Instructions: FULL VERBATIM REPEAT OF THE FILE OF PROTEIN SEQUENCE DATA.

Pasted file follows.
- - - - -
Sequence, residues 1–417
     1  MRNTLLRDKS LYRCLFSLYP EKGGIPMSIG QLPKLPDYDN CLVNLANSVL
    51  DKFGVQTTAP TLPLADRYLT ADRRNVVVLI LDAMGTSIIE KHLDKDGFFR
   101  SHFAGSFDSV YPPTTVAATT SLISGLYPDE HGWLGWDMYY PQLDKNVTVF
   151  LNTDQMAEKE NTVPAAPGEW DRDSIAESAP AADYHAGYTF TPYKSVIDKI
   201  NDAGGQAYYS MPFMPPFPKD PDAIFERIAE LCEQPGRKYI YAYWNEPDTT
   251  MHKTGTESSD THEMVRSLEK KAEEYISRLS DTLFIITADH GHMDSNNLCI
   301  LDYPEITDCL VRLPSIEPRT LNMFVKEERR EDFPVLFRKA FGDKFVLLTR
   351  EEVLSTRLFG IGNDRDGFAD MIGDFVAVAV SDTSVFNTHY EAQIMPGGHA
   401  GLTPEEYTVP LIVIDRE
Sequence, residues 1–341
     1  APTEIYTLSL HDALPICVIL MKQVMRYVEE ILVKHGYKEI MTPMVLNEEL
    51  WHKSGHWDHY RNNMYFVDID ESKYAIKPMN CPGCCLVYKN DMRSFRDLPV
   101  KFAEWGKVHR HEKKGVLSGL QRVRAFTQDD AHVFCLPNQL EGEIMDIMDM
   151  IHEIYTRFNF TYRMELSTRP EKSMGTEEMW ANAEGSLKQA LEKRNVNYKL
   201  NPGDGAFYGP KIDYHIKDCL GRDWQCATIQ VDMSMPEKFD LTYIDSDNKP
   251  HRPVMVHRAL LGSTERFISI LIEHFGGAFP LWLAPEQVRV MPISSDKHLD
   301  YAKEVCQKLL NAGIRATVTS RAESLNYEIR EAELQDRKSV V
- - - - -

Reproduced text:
Sequence, residues 1–417
     1  MRNTLLRDKS LYRCLFSLYP EKGGIPMSIG QLPKLPDYDN CLVNLANSVL
    51  DKFGVQTTAP TLPLADRYLT ADRRNVVVLI LDAMGTSIIE KHLDKDGFFR
   101  SHFAGSFDSV YPPTTVAATT SLISGLYPDE HGWLGWDMYY PQLDKNVTVF
   151  LNTDQMAEKE NTVPAAPGEW DRDSIAESAP AADYHAGYTF TPYKSVIDKI
   201  NDAGGQAYYS MPFMPPFPKD PDAIFERIAE LCEQPGRKYI YAYWNEPDTT
   251  MHKTGTESSD THEMVRSLEK KAEEYISRLS DTLFIITADH GHMDSNNLCI
   301  LDYPEITDCL VRLPSIEPRT LNMFVKEERR EDFPVLFRKA FGDKFVLLTR
   351  EEVLSTRLFG IGNDRDGFAD MIGDFVAVAV SDTSVFNTHY EAQIMPGGHA
   401  GLTPEEYTVP LIVIDRE
Sequence, residues 1–341
     1  APTEIYTLSL HDALPICVIL MKQVMRYVEE ILVKHGYKEI MTPMVLNEEL
    51  WHKSGHWDHY RNNMYFVDID ESKYAIKPMN CPGCCLVYKN DMRSFRDLPV
   101  KFAEWGKVHR HEKKGVLSGL QRVRAFTQDD AHVFCLPNQL EGEIMDIMDM
   151  IHEIYTRFNF TYRMELSTRP EKSMGTEEMW ANAEGSLKQA LEKRNVNYKL
   201  NPGDGAFYGP KIDYHIKDCL GRDWQCATIQ VDMSMPEKFD LTYIDSDNKP
   251  HRPVMVHRAL LGSTERFISI LIEHFGGAFP LWLAPEQVRV MPISSDKHLD
   301  YAKEVCQKLL NAGIRATVTS RAESLNYEIR EAELQDRKSV V